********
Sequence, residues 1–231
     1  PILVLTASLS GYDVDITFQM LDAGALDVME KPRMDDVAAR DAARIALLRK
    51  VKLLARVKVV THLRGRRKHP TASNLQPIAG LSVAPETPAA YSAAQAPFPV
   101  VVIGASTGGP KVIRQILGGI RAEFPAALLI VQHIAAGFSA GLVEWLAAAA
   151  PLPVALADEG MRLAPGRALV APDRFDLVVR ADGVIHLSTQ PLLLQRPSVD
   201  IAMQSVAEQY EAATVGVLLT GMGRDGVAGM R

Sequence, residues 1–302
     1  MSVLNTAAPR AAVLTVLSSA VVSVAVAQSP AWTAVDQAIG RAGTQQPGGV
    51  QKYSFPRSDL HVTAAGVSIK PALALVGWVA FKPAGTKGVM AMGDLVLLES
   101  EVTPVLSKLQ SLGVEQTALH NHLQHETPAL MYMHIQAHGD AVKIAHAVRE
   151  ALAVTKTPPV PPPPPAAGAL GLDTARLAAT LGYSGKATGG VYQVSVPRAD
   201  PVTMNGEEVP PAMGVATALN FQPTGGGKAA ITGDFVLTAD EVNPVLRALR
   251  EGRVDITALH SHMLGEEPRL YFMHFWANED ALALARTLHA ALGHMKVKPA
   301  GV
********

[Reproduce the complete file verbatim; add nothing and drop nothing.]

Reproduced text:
Sequence, residues 1–231
     1  PILVLTASLS GYDVDITFQM LDAGALDVME KPRMDDVAAR DAARIALLRK
    51  VKLLARVKVV THLRGRRKHP TASNLQPIAG LSVAPETPAA YSAAQAPFPV
   101  VVIGASTGGP KVIRQILGGI RAEFPAALLI VQHIAAGFSA GLVEWLAAAA
   151  PLPVALADEG MRLAPGRALV APDRFDLVVR ADGVIHLSTQ PLLLQRPSVD
   201  IAMQSVAEQY EAATVGVLLT GMGRDGVAGM R

Sequence, residues 1–302
     1  MSVLNTAAPR AAVLTVLSSA VVSVAVAQSP AWTAVDQAIG RAGTQQPGGV
    51  QKYSFPRSDL HVTAAGVSIK PALALVGWVA FKPAGTKGVM AMGDLVLLES
   101  EVTPVLSKLQ SLGVEQTALH NHLQHETPAL MYMHIQAHGD AVKIAHAVRE
   151  ALAVTKTPPV PPPPPAAGAL GLDTARLAAT LGYSGKATGG VYQVSVPRAD
   201  PVTMNGEEVP PAMGVATALN FQPTGGGKAA ITGDFVLTAD EVNPVLRALR
   251  EGRVDITALH SHMLGEEPRL YFMHFWANED ALALARTLHA ALGHMKVKPA
   301  GV